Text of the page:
About

Margaret Howell was born in Tadworth, Surrey, England in 1946. She attended Goldsmiths's College, London from 1966 to 1970.

In 1971, she started creating a range of accessories and in 1972, a line of clothing. These were popular, so in 1974, she established her own company and at the same time began collaborating with JOSEPH. She also opened a retail outlet. She also started making menswear in the 70's.

In 1985, Diana Princess of Wales, chose one of Margaret Howell's white tuxedo suits with a black bow tie, to wear at a Genesis concert.

Today she has shops and concessions all over Europe and the USA, as well as Japan. In 1995, she showed her first collection in London Fashion Week. Going into the 21st century, she is one of London's leading designers.

Margaret Howell took part in London Fashion Week of February 2003, and showed a collection of boyish beauties in downscaled mens style clothing including some great big jackets and baggy parts. These new shapes hang away from the body.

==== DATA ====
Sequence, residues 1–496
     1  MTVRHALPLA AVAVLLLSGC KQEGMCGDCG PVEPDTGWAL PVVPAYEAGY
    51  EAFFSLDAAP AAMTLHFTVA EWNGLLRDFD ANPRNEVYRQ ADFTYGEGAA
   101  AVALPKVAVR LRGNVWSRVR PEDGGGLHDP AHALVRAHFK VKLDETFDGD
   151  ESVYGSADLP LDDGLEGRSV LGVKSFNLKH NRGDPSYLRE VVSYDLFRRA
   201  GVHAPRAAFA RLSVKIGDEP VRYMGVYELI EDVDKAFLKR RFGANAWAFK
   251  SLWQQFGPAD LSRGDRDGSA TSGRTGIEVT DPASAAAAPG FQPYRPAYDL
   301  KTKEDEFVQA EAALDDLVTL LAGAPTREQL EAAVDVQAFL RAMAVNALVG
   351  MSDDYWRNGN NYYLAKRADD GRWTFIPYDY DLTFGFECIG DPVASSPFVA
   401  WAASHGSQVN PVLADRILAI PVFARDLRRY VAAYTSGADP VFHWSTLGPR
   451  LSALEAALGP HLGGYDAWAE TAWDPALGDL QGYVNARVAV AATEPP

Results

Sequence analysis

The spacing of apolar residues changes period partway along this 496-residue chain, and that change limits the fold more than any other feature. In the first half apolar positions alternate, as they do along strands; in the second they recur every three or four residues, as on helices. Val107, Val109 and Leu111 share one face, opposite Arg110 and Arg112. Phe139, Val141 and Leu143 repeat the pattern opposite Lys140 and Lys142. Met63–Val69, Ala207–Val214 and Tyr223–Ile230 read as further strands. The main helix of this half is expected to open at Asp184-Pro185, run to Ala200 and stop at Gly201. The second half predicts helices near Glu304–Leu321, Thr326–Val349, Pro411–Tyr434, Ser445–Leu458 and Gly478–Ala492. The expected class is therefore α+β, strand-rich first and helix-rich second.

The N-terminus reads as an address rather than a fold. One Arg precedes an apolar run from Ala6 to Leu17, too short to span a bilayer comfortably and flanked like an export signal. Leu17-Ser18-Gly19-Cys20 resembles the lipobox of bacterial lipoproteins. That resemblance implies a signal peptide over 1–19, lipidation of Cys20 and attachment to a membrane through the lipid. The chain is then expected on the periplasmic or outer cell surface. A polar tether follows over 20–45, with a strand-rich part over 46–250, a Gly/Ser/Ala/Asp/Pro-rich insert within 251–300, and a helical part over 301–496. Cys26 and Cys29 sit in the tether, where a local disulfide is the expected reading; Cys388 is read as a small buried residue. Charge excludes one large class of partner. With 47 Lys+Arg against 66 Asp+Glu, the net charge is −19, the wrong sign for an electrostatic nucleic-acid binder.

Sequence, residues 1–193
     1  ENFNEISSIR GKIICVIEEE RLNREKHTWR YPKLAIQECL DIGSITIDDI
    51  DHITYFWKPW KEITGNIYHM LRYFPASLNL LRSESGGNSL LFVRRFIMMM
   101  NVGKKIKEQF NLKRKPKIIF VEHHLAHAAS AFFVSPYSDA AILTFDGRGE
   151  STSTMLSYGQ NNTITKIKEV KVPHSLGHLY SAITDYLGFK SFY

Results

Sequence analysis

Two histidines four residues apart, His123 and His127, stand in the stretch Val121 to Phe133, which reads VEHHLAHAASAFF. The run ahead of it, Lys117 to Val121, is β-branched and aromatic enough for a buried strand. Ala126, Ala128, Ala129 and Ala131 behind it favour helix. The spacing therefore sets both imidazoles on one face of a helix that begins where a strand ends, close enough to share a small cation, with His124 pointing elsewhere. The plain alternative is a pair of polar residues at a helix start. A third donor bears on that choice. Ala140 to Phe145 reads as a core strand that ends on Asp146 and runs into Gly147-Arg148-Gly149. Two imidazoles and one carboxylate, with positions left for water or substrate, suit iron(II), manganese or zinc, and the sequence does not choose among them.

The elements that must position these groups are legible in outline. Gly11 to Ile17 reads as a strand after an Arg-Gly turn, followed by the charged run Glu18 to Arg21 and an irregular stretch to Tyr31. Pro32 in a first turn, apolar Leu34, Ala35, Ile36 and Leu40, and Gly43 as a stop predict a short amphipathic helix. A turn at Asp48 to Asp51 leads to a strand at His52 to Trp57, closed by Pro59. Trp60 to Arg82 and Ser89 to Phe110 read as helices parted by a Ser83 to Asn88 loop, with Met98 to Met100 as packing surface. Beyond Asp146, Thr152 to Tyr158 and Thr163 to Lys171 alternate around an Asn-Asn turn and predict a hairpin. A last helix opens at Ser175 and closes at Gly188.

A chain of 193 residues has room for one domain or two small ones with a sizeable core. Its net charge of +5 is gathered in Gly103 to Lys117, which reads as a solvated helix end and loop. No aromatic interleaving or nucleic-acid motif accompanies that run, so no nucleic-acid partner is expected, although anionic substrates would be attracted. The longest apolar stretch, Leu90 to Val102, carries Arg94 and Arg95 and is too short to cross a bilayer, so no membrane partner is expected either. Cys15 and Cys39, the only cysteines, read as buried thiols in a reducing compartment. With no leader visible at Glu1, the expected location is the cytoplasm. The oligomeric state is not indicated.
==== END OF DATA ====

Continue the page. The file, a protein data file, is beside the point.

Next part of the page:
By the beginning of 2000, Howell's empire had grown to employ 300 people worldwide, with global sales of L30 million. She has capitalized on the popularity of British design in Japan, designing under license for the Japanese company Anglobal and has 70 shops and concessions there, in contrast to only 10 in her home country.

Her fundamental style is steeped in British tailoring tradition but with each new season she catches the prevailing fashion wind with a modern twist. She showed her Winter 2003 collection in her new flagship store on Wigmore Street in London.

In Autumn 2003, Margaret Howell joined forced with Japanese denim label Edwin to produce her first ever denim collection. She spent a year researching yarns and dyeing processes, and has launched classic painter's trousers, five-pocket Western jeans and jean jackets lined in black cotton.

The Look

Howell specializes in classic ready-to-wear garments, created by adapting traditional styles and fabrics into fashion shapes. She favours pinstripes and suiting materials - wool, tweed and meltron - which she makes into riding jackets, tuxedo suits and tailored blouses. Her silhouettes are usually elongated and soft. She says: "when I started out, I was only thinking about what I wanted to wear, I liked quality and comfort. I was probably responsible for the move towards using men's tailoring tweeds for women's clothes."

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